So I basically start with the rolling 10-year average rate on 10-year treasuries as my risk-free rate. Long story short, it's about 4.5%.
The expected return from an average equity investment
We can argue about what to call this (i.e., equity risk premium) and how you should measure it (i.e., market's historical return), but my current thinking on the subject is that if a big stock is at fair value (and let's assume that indexes tend to be pretty efficiently valued by their nature), then equity returns are going to track GDP growth in that country.
This proxy (expected rolling GDP growth) has the added benefit of somewhat accounting for inflation. Again, given that this is a crisis year and you presumably have a longer holding period, then you want to take some sort of rolling average of the past, the present, and the future to ballpark the figure. Of course, every country will have a different GDP growth number and that means you discount rates will start differing for each country. This is appropriate in my opinion. China is not the US and neither is Russia.
For China, you could argue for anywhere between 5% and 10%; the US probably 2% to 4%; India 5% to 8%; Brazil 4% to 6%; and so on. What you ultimately decide on is up to you and is a product of your own analysis. For China these days, I'm generally plugging 8.0% here.
Some sort of volatility premium appropriate for the equity you're looking at relating to the cost of that specific company's capital
Here's where you'll customize your discount rate even more depending on the company you're looking at, and as you move from country to country, you can look at the rates company's in that country are paying on their debt to get a good idea of the appropriate cost of capital. Note that you don't necessarily just add the cost of capital on here because you've already accounted for some of that in your risk-free rate and equity premium. The point is you just want to make sure that you've accounted for country risk and if company's in Turkey have to pay more in interest than companies in China due to politica risks, then you want to make sure you're not discounting Chinese stocks and Turkist stocks at the same rate. If Chinese small caps also appear to be paying higher rates than Chinese large caps, then account for that as well.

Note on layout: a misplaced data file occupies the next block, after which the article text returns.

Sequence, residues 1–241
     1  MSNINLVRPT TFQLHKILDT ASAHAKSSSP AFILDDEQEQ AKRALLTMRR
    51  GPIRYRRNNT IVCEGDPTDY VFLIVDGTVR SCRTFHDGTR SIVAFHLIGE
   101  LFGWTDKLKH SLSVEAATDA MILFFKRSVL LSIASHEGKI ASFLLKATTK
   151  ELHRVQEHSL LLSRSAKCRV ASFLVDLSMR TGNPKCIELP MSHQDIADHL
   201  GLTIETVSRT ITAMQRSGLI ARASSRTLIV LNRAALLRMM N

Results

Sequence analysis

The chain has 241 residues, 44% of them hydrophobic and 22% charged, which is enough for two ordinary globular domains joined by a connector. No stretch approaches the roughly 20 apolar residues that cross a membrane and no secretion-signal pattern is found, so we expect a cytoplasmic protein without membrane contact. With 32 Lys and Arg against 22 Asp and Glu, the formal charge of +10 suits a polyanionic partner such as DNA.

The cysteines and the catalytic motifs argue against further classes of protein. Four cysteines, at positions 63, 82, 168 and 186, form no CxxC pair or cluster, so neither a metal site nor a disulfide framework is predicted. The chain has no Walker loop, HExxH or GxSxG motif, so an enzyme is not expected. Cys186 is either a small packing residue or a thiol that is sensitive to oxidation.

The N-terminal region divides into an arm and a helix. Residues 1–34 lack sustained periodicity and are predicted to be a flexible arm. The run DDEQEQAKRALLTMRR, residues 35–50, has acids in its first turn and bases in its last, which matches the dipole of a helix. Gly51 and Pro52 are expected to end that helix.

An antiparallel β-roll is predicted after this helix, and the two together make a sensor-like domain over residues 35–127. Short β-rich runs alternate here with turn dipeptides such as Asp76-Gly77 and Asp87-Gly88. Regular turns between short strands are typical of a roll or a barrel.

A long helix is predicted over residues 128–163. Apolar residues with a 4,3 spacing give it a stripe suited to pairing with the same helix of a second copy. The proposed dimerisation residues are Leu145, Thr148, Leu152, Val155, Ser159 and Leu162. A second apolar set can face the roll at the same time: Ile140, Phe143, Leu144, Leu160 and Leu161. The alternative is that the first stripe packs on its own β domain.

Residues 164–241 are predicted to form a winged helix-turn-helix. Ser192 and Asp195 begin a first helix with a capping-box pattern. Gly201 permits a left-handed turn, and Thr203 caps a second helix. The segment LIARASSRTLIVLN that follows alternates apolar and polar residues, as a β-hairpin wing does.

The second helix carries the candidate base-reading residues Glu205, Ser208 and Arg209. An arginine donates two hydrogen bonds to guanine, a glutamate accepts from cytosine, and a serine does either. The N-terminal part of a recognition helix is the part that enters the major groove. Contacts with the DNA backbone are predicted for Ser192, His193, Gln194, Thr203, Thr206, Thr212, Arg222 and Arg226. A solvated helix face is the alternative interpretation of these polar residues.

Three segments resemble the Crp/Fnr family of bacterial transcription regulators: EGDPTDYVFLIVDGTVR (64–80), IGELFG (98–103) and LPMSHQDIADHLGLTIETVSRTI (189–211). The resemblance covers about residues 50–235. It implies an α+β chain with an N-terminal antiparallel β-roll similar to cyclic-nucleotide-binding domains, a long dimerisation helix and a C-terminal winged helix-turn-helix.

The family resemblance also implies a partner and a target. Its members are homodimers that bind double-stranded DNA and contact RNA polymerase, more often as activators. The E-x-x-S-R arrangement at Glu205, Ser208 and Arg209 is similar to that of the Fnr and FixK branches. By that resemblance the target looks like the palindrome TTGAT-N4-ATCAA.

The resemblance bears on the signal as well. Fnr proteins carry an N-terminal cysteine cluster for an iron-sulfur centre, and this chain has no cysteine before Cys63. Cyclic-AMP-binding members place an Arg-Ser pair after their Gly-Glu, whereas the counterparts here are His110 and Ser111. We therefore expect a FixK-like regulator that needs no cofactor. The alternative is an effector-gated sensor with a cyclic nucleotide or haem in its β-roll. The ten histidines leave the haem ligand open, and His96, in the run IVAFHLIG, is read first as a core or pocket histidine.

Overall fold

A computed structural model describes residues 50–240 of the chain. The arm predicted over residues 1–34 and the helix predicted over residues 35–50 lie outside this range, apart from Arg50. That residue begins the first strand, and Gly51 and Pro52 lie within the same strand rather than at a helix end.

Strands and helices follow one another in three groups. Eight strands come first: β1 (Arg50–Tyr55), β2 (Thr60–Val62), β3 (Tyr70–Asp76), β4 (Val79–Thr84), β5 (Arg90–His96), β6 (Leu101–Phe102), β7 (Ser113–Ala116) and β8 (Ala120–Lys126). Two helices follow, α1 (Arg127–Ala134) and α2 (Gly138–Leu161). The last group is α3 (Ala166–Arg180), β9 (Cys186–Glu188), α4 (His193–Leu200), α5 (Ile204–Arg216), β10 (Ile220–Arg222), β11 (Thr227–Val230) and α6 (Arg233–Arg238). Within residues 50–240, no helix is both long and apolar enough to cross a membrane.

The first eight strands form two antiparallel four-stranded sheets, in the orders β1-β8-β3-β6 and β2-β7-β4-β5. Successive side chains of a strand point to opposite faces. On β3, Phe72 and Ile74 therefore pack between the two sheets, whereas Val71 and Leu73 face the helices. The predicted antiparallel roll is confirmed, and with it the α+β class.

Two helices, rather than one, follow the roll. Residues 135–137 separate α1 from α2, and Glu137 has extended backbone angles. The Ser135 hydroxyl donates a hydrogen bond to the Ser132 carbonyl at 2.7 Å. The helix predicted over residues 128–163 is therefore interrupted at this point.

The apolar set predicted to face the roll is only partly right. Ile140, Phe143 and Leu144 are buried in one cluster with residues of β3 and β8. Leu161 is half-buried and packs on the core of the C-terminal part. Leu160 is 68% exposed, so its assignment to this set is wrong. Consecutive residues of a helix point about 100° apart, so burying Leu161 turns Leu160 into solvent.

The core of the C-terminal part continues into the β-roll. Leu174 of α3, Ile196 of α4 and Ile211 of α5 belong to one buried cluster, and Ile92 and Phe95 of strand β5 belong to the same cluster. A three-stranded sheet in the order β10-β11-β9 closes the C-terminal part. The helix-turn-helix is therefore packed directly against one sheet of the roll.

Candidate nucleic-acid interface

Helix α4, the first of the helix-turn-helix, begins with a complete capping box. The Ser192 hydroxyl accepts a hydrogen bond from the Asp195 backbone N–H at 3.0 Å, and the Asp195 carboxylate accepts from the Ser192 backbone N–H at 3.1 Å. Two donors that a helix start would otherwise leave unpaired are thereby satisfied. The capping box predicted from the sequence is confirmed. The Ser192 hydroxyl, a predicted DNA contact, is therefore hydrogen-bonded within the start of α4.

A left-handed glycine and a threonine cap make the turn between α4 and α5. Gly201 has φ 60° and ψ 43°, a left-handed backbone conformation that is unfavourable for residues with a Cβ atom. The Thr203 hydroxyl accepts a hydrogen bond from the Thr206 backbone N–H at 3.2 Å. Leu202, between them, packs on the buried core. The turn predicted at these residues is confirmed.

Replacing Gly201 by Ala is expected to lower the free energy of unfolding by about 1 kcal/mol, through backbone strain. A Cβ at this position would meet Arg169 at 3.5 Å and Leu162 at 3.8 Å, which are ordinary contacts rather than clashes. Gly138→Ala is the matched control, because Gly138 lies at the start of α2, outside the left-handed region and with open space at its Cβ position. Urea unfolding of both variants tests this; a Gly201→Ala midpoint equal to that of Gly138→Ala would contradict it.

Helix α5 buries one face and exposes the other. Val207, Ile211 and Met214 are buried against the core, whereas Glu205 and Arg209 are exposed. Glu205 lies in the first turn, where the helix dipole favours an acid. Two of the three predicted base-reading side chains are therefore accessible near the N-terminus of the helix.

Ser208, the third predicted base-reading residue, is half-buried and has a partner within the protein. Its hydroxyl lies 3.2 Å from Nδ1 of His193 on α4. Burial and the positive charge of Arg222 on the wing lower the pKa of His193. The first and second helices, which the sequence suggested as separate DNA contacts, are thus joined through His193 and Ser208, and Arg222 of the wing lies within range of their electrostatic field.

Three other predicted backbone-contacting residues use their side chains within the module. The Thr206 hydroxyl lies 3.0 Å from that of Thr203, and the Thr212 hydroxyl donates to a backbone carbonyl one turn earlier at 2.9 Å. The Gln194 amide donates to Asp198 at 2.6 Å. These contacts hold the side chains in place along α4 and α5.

This is also where you can build in some kind of discount for currency assumptions. My working practice today is to add 1% if I suspect the currency will weaken (euro, African currencies) over the length of my holding period and to subtract 1% if I think the currency will strengthen (RMB) over the length of my holding period.